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Regional Scientists Receive $500,000 Grant to Test Weed-Fighting Bacteria

PULLMAN, Wash. — Scientists and land managers in Washington and Oregon have received a five-year, $500,000 grant from The Nature Conservancy to field test a bacteria that may give land managers a new tool to suppress cheatgrass and restore degraded rangeland.

Cheatgrass, also known as downy brome
Cheatgrass, also known as downy brome. Click image for a high resolution version.

Cheatgrass is an invasive annual weed that infests an estimated 50 million acres of rangeland in West. Cheatgrass grows in the late fall and early spring, outcompeting native plants. It dries out in the summer providing a continuous layer of fuel for wildfires, and it has the potential to destroy more than 100 million acres of sagebrush country.

“The use of naturally occurring bacteria as a bioherbicide against an invasive species represents a new concept for rangeland management,” said Ann Kennedy, USDA-Agricultural Research Service Soil Scientist and adjunct professor of crop and soil sciences at Washington State University.

Kennedy identified the potential biological control agent during research on weed-suppressive bacteria. “It is capable of selectively inhibiting cheatgrass,” she said.

Electron micrograph image of cheatgrass suppressive bacteria.
Electron micrograph image of cheatgrass suppressive bacteria. Click image for a high-resolution version.

The microorganism — the bacterium Pseudomonas fluorescens strain D7 — is native to Washington soils and has been shown to inhibit germinating cheatgrass seeds in laboratory, greenhouse and field trials while not harming other species.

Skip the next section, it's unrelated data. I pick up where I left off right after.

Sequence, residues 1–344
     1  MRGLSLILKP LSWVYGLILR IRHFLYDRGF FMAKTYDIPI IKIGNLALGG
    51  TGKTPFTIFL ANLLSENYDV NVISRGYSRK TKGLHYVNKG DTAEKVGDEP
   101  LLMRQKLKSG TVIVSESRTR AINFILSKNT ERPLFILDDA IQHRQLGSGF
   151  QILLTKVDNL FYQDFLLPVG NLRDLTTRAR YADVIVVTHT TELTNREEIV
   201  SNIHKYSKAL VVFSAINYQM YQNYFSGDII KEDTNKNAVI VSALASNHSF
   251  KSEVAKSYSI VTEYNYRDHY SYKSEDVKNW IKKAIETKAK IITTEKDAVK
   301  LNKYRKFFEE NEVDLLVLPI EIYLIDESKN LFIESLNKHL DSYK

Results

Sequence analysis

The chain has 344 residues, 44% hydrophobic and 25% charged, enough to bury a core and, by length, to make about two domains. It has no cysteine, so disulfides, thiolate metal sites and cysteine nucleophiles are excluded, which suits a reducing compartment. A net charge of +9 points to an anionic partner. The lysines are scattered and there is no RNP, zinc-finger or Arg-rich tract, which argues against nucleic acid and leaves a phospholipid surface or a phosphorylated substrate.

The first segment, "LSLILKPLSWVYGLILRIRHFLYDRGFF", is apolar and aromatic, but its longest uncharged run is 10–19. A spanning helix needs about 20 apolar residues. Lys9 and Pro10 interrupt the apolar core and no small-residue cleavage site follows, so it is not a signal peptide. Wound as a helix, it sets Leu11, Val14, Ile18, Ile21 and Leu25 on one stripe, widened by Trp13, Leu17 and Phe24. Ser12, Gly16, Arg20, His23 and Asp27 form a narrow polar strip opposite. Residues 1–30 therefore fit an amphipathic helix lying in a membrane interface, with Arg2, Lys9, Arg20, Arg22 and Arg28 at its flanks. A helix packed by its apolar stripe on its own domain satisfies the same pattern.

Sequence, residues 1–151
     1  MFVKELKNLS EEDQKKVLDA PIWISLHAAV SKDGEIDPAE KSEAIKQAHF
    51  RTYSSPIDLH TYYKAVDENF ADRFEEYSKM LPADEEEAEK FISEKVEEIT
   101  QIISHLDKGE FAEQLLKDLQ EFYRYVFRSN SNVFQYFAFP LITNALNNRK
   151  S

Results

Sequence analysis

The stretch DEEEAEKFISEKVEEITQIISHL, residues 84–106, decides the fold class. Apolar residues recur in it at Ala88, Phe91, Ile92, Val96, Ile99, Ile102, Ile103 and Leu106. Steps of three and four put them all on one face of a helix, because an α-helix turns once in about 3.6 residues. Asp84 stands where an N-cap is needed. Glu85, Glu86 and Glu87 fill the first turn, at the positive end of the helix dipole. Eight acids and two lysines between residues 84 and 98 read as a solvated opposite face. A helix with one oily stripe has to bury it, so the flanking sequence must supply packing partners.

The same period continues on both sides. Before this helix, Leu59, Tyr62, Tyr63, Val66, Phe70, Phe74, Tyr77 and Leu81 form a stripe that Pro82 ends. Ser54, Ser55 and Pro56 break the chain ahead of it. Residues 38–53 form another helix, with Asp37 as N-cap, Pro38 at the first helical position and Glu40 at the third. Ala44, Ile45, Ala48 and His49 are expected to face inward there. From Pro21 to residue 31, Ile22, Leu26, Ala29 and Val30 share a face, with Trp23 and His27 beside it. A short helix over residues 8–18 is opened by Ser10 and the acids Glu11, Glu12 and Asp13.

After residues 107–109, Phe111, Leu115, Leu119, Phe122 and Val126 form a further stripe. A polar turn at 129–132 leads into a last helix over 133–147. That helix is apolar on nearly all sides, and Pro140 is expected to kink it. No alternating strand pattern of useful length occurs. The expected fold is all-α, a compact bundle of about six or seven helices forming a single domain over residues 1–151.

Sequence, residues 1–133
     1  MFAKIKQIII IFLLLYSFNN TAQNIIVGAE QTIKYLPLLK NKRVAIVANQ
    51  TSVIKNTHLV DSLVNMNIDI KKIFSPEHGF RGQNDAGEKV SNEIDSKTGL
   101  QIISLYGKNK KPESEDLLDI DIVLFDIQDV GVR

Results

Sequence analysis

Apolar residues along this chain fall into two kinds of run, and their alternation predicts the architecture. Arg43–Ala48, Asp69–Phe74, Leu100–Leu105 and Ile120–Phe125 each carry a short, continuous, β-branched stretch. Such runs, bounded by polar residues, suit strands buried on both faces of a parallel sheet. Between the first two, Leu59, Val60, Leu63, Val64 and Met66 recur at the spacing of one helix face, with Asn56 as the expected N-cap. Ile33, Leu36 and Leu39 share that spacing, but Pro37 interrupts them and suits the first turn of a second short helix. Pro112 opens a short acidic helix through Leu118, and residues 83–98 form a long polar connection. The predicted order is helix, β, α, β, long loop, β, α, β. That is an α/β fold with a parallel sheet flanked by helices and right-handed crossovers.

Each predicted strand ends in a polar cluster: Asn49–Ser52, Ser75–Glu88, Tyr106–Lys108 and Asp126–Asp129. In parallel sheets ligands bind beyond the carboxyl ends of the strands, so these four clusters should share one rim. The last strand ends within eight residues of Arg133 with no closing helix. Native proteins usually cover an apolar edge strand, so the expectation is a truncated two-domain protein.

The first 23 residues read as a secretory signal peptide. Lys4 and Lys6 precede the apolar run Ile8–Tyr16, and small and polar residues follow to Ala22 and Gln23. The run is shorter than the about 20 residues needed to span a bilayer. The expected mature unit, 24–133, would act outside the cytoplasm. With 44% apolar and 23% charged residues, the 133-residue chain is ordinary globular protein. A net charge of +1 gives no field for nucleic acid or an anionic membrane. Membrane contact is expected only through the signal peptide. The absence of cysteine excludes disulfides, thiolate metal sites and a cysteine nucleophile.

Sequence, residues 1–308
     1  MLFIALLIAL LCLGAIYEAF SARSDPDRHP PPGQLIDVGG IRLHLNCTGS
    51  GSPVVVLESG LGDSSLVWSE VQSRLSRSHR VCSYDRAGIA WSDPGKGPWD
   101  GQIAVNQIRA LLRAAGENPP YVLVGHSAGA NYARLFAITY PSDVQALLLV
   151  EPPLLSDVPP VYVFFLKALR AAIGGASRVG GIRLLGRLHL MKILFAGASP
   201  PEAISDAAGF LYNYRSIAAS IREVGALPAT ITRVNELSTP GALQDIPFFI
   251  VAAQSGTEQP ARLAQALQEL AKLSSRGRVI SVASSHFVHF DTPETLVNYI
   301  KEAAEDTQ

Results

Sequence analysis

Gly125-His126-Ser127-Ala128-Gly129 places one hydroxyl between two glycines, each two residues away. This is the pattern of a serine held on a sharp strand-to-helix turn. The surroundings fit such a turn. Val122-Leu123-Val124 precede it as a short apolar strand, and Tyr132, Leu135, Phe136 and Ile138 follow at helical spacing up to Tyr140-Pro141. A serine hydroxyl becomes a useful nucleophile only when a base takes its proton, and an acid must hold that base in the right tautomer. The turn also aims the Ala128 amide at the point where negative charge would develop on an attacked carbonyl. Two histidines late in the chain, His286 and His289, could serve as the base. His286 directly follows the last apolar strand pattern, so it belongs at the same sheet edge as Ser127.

The grant will enable researchers and land managers to evaluate the effectiveness of the bacteria under a range of environmental conditions with understory restoration in areas that have sagebrush cover. The results of this study will be used to develop management strategies that will both prevent further rangeland degradation and serve as a tool in restoring infested land.

Partnering with The Nature Conservancy on the project are Tami L. Stubbs, associate in research, WSU crop and soil sciences department, Tony Svejcar, USDA-ARS rangeland scientist in Burns, Ore.; the Bureau of Land Management and the U.S. Forest Service. The Conservancy collaborators are Sonia Hall, arid lands ecologist, and Chuck Warner, Moses Coulee conservation area program director.

The Nature Conservancy is a leading conservation organization working around the world to protect ecologically important lands and waters for nature and people.


Media Contacts

Ann Kennedy, USDA-ARS Soil Scientist/Adj. Prof. Crop and Soil Sciences, 509-335-1554
Robin Stanton, Washington, 206-343-4345